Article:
Out of the four banks headed by women, Bank of India led by Vijayalakshmi Iyer stands tall in curbing non-performing assets
Trithesh Nandan | February 17, 2014
There is a common thread that connects four public sector banks – the Kolkata-based United Bank of India (UBI) and Allahabad Bank and the Mumbai-headquartered State Bank of India (SBI) and Bank of India (BoI). All these banks are led by women chairpersons.
The ‘connection’ end there either: of the four, three banks scored unimpressive performance in the third quarter ending December 2013 – barring BoI, the others had high non-performing assets (NPAs).
Vijaylakshmi Iyer, CMD of Mumbai-based Bank of India, can offer a ray of hope to the other three banks. Having joined BoI in November 2012, Iyer has consistently focused on improving the entire recovery department. The efforts fructified as gross NPA came down to 2.81 percent for the third quarter this fiscal from 2.93 percent for the same period in 2012.
Even net NPA came down to 1.75 percent, while the bank was able to sell Rs 1,700 crore worth assets of bad loans.
On the other hand, if you apply for a new loan proposal in any of the branches in United Bank of India, chances are you might not get a loan. Reason: the bank has decided not to approve any fresh loans for an indefinite period, as it hit 10.8 percent of bad loans in the third financial quarter. The bank’s poor performance has sent tremors in the department of financial services (DFS) and the Reserve Bank of India (RBI). The government holds 87.99 percent share in the bank but the RBI has some damning report about this bank.
Archana Bhargava joined UBI as the CMD in April 2013.
Professional services firm Deloitte, which conducted a forensic audit at UBI on the RBI’s instruction found major faults in the credit appraisal and automated NPA detection system of the bank. According to the audit, the bank’s bad loans increased by three times to Rs. 8,545 crore in December 2013, and the bank posted net loss of Rs. 1,238 crore on a year-on-year basis.
The forensic audit also found that NPAs were not being detected for the last two and half years – a period much before Bhargava took over as CMD. Loans taken during Bhargava’s tenure is now being audited.
Interestingly, the bank had registered profit of Rs. 42.2 crore only a year ago. Its financial strength calculated in terms of capital adequacy ratio fell to 9.01 percent at the end of the December quarter.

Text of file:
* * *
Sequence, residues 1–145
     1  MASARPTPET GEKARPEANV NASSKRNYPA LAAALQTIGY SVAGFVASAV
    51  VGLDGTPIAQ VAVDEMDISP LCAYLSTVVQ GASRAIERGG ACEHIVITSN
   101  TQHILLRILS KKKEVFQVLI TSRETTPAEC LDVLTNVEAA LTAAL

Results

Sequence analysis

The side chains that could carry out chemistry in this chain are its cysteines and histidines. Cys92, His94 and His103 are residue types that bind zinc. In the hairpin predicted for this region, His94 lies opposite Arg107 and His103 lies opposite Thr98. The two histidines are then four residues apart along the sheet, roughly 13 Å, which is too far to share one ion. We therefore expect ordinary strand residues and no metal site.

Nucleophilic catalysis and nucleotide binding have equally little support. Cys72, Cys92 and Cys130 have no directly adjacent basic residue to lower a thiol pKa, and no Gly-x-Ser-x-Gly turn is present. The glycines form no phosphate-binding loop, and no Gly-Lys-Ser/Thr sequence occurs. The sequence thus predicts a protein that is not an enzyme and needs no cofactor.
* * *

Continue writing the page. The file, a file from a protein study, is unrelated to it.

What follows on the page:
The State Bank of India, meanwhile, saw a 34-percent decline of profit, but what was more worrying in terms of financial strength was that its gross NPA ratio deteriorated to 5.73 percent –against 5.30 percent at the end of the December 2012 fiscal. It stood at Rs 67,799 crore at the end of the third quarter – up from Rs 53,457 crore in the year-ago period. Net NPAs during the third quarter rose to 3.24 percent from 2.59 per cent in the period a year earlier.
Arundhati Bhattacharya took over as the first ever woman chairperson of the 207-year-old bank last year.
While UBI is still to announce steps (only concern came from government and RBI), SBI, the country’s largest lender, quickly swung into action to tackle the menace. “We have decided to move stressed assets recovery branches that were reporting to the national banking group (NBG) so as to have better focus and outcomes…We have now changed the structure and created four general managers in all the four zones - north, south, east and west - who will be reporting to the stress management group and will actually be owning these stress asset recovery branches in the circles,” Bhattacharya said in Mumbai while announcing the third quarter results of the bank.
The situation is not good in Kolkata-headquartered bank Allahabad Bank either. The December quarter result shows that the bank’s portfolio of net NPA stood at Rs 5,650 crore – against Rs 2,477 crore for the same period last year. The bank’s NPA was 5.5 percent for the third financial quarter – up from 2.9 percent recorded last year. But the bank’s total recovery stood at Rs 1,473 crore while fresh slippages were Rs. 1,461 crore.
“The increase in NPA ratios is primarily because our loan growth was slow,” said Shubhalakshmi Panse, CMD of the bank.
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